By Giles Milton
If I were to tell you a story about an English sailor who sails halfway around the world, surviving scurvy and starvation to arrive half-dead in Japan, only to befriend the shogun, become the first Caucasian samurai, and open trade relations between England and Japan, you'd probably think I was making it up. But then, I'm not telling it nearly as well nor with as much detail as Giles Milton in his book Samurai William: The Englishman Who Opened Japan.
Milton's book recounts the life and adventures of William Adams, the title figure who, indeed, became an influential member of shogun Tokugawa Ieyasu's court, and helped establish the first English trade factory in Japan. But while Adams' life is a great story in itself, Samurai William provides a much broader view. Milton also goes into the history of the European East India companies in Asia and Oceania, the political turmoil at the beginning of Japan's Edo period, and the lives and struggles of the other men at the English factory. The complete picture is one of drama and adventure, presented with some great storytelling.
What struck me most about Samurai William was the sense of how Japan was both impressive and utterly foreign to its European visitors. It's something that you continue to see in Western attitudes toward Japan and its culture, but coming at it from the perspective of men for whom Japan was truly an unknown adds a whole new level, especially considering the relative levels of sophistication of Japan and England in 1600.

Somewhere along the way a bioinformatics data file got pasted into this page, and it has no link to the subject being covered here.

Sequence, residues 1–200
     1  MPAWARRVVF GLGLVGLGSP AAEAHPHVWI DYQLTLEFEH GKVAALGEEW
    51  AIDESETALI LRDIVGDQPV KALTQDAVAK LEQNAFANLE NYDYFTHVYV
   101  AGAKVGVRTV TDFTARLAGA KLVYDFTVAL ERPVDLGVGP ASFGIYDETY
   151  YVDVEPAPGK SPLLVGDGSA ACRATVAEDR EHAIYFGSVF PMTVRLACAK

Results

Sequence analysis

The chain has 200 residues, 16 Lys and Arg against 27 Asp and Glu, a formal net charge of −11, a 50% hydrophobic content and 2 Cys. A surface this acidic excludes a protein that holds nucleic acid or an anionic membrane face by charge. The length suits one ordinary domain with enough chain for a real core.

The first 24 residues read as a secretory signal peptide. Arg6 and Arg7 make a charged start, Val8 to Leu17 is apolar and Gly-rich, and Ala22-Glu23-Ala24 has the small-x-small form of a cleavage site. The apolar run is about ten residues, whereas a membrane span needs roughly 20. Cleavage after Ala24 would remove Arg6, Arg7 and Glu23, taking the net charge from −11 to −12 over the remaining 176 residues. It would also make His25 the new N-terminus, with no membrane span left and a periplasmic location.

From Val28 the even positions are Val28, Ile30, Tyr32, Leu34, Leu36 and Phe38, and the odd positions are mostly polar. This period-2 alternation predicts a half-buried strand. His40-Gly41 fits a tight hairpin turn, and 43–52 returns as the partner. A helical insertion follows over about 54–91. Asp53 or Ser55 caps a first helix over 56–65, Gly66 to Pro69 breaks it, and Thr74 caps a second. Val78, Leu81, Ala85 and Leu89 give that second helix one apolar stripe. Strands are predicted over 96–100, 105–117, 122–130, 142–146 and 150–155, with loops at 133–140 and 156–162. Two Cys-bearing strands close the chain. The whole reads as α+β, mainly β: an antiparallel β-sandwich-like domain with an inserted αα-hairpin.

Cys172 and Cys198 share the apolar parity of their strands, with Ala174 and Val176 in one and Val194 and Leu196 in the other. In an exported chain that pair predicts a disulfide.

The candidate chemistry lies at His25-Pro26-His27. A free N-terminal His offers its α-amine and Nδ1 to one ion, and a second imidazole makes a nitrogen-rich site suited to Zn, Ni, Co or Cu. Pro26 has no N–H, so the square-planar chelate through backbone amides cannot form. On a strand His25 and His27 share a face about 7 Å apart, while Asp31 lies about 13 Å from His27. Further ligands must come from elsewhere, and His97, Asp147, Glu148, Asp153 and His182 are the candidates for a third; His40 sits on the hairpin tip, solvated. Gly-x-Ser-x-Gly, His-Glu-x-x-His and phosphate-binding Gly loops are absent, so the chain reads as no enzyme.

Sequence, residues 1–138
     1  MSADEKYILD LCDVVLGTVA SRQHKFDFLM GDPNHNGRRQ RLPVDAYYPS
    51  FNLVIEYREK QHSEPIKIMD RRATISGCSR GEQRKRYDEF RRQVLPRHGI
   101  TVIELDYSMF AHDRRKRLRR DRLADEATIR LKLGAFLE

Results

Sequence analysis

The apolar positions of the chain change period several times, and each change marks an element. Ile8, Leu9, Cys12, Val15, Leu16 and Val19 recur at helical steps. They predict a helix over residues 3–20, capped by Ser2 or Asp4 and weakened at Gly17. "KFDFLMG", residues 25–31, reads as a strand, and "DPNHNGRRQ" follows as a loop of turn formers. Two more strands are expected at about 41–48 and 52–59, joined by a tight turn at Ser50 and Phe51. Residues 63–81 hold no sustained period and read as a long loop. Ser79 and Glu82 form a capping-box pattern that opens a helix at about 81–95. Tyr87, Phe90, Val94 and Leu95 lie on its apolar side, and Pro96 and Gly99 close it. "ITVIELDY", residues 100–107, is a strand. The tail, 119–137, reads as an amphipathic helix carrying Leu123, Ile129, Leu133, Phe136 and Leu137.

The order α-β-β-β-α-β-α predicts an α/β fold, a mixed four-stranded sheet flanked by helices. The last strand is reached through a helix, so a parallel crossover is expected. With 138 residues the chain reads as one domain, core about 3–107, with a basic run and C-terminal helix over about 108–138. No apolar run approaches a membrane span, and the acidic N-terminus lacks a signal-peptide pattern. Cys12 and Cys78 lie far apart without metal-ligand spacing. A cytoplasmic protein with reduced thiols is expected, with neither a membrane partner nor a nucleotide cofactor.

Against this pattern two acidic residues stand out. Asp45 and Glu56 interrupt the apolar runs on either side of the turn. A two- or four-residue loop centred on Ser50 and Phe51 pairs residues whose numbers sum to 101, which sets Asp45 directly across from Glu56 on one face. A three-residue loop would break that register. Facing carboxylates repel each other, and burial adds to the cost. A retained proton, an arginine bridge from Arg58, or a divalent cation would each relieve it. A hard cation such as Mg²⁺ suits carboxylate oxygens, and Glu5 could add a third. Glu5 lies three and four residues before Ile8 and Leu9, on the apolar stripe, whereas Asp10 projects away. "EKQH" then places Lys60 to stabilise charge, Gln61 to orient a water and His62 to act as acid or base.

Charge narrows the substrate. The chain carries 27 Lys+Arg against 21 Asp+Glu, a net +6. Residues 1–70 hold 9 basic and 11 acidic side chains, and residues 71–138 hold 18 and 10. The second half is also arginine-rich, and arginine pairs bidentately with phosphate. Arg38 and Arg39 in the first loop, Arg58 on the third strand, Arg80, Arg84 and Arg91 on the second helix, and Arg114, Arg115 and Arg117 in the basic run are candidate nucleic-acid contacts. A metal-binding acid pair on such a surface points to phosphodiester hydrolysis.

I think anyone with an appreciation for history and a good story will enjoy this book. Samurai William manages to both inform and entertain, which, in my book, puts it in the same class as all the best histories.
Started: 6/2/2010 | Finished: 6/18/2010
The Books of the South: Tales of the Black Company
By Glen Cook
After how much I liked the first volume in this series, I can't believe it took me over a year to pick up the next one. I guess that's just a testament to how long my reading list has gotten.
I should note here that this review will contain some information that could be seen as spoilers if you haven't read the first collection.
The Books of the South is the second omnibus of Glen Cook's Black Company novels. The first two of the included stories--Shadow Games and Dreams of Steel--picks up just after the events of The White Rose. With the Company reduced to just a handful of men, the new Captain decides to turn south to try to return to the group's origin, the city of Khatovar. Along the way, they are swept up into a new battle between the once-pacifistic nation Taglios and its would-be conquerors, the Shadowmasters. Old enemies resurface, and a dark secret is hinted at in the Company's lost history.
Unlike the previous volume, though, this one does not collect a single narrative. Instead, the third novel (The Silver Spike) is a standalone novel that takes place in parallel with the events of Shadow Games. The plot here revolves around a group of small-time criminals who hatch a scheme to steal the titular spike--within which is imprisoned the soul of the Dominator--and sell it to the highest bidder. The Black Company itself isn't involved in the main action; rather, it's the White Rose and her companions--who split off from Croaker and his band at the end of the previous volume--who are left to deal with the problem.
As much as I liked The Chronicles of the Black Company, I expected to be able to jump right into this volume and pick up where I left off. I found, though, that this story was a slower burn. There's a more personal, less epic feel to most of the narrative--the Shadowmasters, for example, seem a pale shadow of the Dominator and Lady of the first arc. Still, I found that I was pretty hooked by the end of Dreams of Steel, which made the cliffhanger ending somewhat frustrating. I'm not sure I can say that this volume was as effective for me as the first, but in any case I'm still looking forward to the next one.
Started: 5/12/2010 | Finished: 5/28/2010